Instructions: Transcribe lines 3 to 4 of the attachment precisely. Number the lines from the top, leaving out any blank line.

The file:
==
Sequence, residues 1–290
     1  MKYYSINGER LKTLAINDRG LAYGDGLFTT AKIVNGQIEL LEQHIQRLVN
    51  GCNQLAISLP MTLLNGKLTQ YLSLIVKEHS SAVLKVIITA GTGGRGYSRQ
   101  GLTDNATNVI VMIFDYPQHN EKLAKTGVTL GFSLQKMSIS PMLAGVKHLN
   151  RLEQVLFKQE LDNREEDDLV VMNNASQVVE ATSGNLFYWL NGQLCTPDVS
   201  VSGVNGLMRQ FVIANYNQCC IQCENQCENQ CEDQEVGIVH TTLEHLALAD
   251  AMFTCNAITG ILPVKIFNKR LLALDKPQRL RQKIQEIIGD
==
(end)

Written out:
    51  GCNQLAISLP MTLLNGKLTQ YLSLIVKEHS SAVLKVIITA GTGGRGYSRQ
   101  GLTDNATNVI VMIFDYPQHN EKLAKTGVTL GFSLQKMSIS PMLAGVKHLN